Bermuda has been sold off already. The owners are called Banks, and they now own Bermuda until the debt is repaid. The same as someone who buys a house with a mortgage. The house is not theirs until the mortgage has been paid. Bermuda has been subjected to a reverse mortgage by the PLP.

        • BETTTYTRUMP says:

          Well written article Chris. You have clearly outlined the facts in a very systematic way that makes it difficult for any one to dispute.

          Do not get distracted by the same daily OBA fan club. They will attempt to do what the do best….play “Blame it on the PLP” Game….that’s all they got….

          …it is not longer working as our economy is failing to grow…some day they might just get it…..really

          “Oh Pirates yes they rub I”,,, I….this is a fitting song for this time…..

          Well done. …
          Standing Strong and together. ……

    • 32n64w says:

      The PLP are primarily responsible for selling us out to the tune of $2,000,000,000 to non-Bermudian foreign lenders to fund their lavish political lifestyle. But why let that pesky FACT inform your argument Betty?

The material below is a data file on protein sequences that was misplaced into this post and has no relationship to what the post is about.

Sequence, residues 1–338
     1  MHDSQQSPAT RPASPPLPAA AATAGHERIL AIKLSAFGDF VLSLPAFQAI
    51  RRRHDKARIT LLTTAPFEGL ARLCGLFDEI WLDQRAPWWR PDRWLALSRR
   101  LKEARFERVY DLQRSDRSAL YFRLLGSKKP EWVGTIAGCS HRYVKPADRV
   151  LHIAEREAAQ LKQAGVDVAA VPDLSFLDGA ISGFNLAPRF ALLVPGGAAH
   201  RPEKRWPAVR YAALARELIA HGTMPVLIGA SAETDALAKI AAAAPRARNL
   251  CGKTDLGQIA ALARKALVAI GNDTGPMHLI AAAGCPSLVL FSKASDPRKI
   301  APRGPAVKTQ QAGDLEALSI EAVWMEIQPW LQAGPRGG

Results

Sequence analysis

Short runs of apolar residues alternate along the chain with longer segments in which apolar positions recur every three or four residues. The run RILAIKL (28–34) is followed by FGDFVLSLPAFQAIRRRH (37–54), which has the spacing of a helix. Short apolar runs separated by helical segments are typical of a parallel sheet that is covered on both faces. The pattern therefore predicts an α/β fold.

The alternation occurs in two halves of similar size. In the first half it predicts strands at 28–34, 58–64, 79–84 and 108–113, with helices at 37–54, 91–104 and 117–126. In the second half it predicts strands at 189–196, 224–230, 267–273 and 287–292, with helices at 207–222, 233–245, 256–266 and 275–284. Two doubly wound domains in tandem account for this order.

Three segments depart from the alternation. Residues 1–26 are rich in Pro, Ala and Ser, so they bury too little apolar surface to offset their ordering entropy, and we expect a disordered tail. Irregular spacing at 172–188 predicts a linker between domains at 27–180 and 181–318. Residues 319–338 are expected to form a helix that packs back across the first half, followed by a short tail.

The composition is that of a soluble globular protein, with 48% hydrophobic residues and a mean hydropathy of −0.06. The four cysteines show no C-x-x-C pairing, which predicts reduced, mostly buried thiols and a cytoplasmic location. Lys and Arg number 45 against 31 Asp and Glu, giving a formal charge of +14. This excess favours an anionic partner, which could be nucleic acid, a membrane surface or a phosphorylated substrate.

Mr. Famous yet again conveniently forgets that golden TRUTH nugget in his one sided, unbalanced and cherry picking opinion piece.

      But that’s par for the course for someone who calls for dialogue (which the OBA in fact did by inviting the BTUC to discuss the upcoming budget – something the PLP never did during their 14 years * the public purse) but is blinded by party allegiances to speak or write fairly on the issues.

  3. San George says:

    The whole thing is going down the tube if the DEBT situation is not dealt with. Further, if opportunity is not broadly afforded to all comers – those obstructing others from opportunity will soon find that we are all in this sh**ter together.

    Quo Fata Ferunt

  4. Kim Smith says:

    Something that stands out in my mind is how different the opposition parties have operated over the past few decades. When the PLP were the opposition prior to 1998, they did little more than criticise and malign the UBP government about all they were not doing, particularly for black people. Interestingly when the PLP became the government they failed to do much of what they had been so vocal about, while the UBP opposition were no where near as critical and taunting. The PLP are opposition once again and their criticism and lack of any constructive contribution continues unabated. Where they could be a good, uniting opposition they choose instead to sow division and hatred. Truly a shame for this country!